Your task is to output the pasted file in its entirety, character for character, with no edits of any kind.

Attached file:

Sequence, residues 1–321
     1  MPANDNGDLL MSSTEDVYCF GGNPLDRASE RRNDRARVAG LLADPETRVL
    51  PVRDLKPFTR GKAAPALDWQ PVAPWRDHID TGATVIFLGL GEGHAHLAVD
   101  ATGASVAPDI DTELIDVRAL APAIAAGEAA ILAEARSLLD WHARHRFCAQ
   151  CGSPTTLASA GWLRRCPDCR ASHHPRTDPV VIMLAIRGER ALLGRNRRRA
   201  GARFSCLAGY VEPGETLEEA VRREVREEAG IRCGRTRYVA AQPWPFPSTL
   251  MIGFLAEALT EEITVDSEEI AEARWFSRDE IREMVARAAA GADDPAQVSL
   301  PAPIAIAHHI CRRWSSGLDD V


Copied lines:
Sequence, residues 1–321
     1  MPANDNGDLL MSSTEDVYCF GGNPLDRASE RRNDRARVAG LLADPETRVL
    51  PVRDLKPFTR GKAAPALDWQ PVAPWRDHID TGATVIFLGL GEGHAHLAVD
   101  ATGASVAPDI DTELIDVRAL APAIAAGEAA ILAEARSLLD WHARHRFCAQ
   151  CGSPTTLASA GWLRRCPDCR ASHHPRTDPV VIMLAIRGER ALLGRNRRRA
   201  GARFSCLAGY VEPGETLEEA VRREVREEAG IRCGRTRYVA AQPWPFPSTL
   251  MIGFLAEALT EEITVDSEEI AEARWFSRDE IREMVARAAA GADDPAQVSL
   301  PAPIAIAHHI CRRWSSGLDD V